Kenya court orders retallying of results in 22 polling stations

Kenya's Supreme Court judges led by the President, Dr Willy Mutunga (centre) in Nairobi, November 8, 2012. The Supreme Court is holding a pre-trial hearing of the three petitions challenging the validity of the presidential results and is expected to zero down on the main issues raised by the litigants. FILE | NATION MEDIA GROUP 

Kenya's Supreme Court Monday ordered the scrutiny of two key documents used to tally votes, chiefly Form 34 from all the country's 33,400 polling stations-- and all the Forms 36 used in the tallying of the presidential votes.

The court also ordered re-tallying of the presidential results in 22 polling stations using Forms 34 and 36 so as to determine the numbers of votes cast over number of registered voters.

This will start Tuesday from 0500GMT.

In the ruling, Justice Smokin Wanjala said the retallying would aim to show if the number of votes cast exceeded the number of registered voters.

Judge Wanjala also ordered that the results from the 22 polling stations be filed at the Supreme Court registry by Wednesday 4pm after re-tallying.

The court also ordered that all the representatives and agents from the petitioners and respondents in the recount process to take an oath.

The court also approved the application by the Attorney General to act as 'a friend of the court' in presidential petitions, but dropped the Law Society of Kenya (LSK) application.

The judges also consolidated three petitions and allowed the Cord (the coalition challenging the results) petition to take lead.

Early in the day in his opening remarks, Chief Justice Willy Mutunga said the judges will be objective in its ruling on the petition.

"We as judges are servants of the law. We shall be objective," he said.

Dr Mutunga also urged Kenyans to accept the final decision that will be arrived at by the Supreme Court and move on.

"Whatever decision emerges from this petition, we must march forward," he said.

Apart from the petition filed by Cord's presidential candidate Raila Odinga challenging the declaration of Jubilee's candidate Uhuru Kenyatta as winner of the presidential election, there is another filed by a civil society group, the African Centre for Open Governance (Africog).

Spoilt ballots

Also before the court is a petition filed by some members of Mr Kenyatta’s campaign team, social media activists Dennis Itumbi and Moses Kuria and a third person, challenging the inclusion of the spoilt ballots in the calculation of votes attained by each candidate.

The objections raised by Mr Kenyatta and deputy president-elect Mr William Ruto, the Independent Electoral and Boundaries Commission (IEBC) and its chairman Issack Hassan, will also be narrowed down to what will be argued verbally in court.

While addressing the court, Attorney General Githu Muigai sought to be enjoined in the petition as amicus curiae or a friend of the court.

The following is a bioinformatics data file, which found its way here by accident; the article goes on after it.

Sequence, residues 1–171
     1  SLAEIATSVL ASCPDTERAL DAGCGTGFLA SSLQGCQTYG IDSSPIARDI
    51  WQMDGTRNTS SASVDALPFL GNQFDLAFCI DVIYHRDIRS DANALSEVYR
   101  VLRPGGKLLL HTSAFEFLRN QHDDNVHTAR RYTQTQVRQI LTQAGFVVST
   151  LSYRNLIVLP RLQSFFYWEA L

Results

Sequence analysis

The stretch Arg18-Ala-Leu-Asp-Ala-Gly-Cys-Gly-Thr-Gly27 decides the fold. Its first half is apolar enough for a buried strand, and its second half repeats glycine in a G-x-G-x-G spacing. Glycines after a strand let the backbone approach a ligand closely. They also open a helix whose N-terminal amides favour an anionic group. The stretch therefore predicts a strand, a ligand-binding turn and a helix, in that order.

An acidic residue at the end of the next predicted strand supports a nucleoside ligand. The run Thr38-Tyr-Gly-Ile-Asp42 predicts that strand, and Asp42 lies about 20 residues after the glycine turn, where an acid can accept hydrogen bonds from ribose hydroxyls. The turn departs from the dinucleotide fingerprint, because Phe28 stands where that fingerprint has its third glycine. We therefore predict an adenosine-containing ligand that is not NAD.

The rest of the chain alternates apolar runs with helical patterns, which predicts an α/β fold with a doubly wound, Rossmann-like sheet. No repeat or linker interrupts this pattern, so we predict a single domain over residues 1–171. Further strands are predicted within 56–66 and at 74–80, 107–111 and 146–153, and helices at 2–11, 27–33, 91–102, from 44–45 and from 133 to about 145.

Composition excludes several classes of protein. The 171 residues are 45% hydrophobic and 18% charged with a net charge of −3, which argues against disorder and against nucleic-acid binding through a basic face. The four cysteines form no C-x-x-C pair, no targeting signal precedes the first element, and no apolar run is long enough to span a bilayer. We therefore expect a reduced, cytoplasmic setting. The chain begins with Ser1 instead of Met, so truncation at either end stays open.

"We can only be enjoined in the case on the discretion of the Court," said Prof Muigai.

However, Mr Odinga filed an objection to the Attorney General joining the presidential petition.

Prof Muigai also argued that his appearance in the petition was not to support any party, but to lay down law as it is with authorities from across the globe.

"The AG's role is to elucidate on legal issues, not to support any side," he said.

However, IEBC boss Issack Hassan's lawyer Ahmednassir Abdullahi said his client had no objection with the appearance of AG in the petition.

"The AG's role is to elucidate on legal issues, not to support any side," he said.

Lawyers Katwa Kigen and Fred Ngatia also had no objection to AG being enjoined in the petition.

Notably, lawyer Kethi Kilonzo for Africog argued that issues before court did not require an interpretation of the law to warrant inclusion of the AG.

A civil matter

However, Cord's lawyer George Oraro argued that the AG had applied to be enjoined without request from the court or any party.

"The AG has misinterpreted circumstances under which he can apply to be enjoined in cases before court," he said.

"An election petition is not a civil proceeding. The government is not defined in the Constitution but state is defined," he added.

Mr Oraro argued that in relation to this petition the AG can be enjoined by the Constitution to assist the IEBC.

However, Prof Muigai disagreed with Mr Oraro and argued that the petition was a civil matter.

Prof Muigai argued that as amicus curiae, his office would not impose views on the court hearing Cord's petition against Mr Kenyatta.

"I have not advised the president-elect, contrary to claims by lawyer George Oraro," he said.

Lawyer A.B Shah also lodged an application for LSK to be enjoined in the petitions before the Supreme Court as amicus curiae.

The judges, led by Dr Mutunga, could either dismiss the petition, order a re-count of the presidential votes, settle on a re-run, or rule that the whole process begins afresh with the registration of voters.

The actual hearings of the petition are expected to start on Thursday and could continue un-interrupted until concluded.

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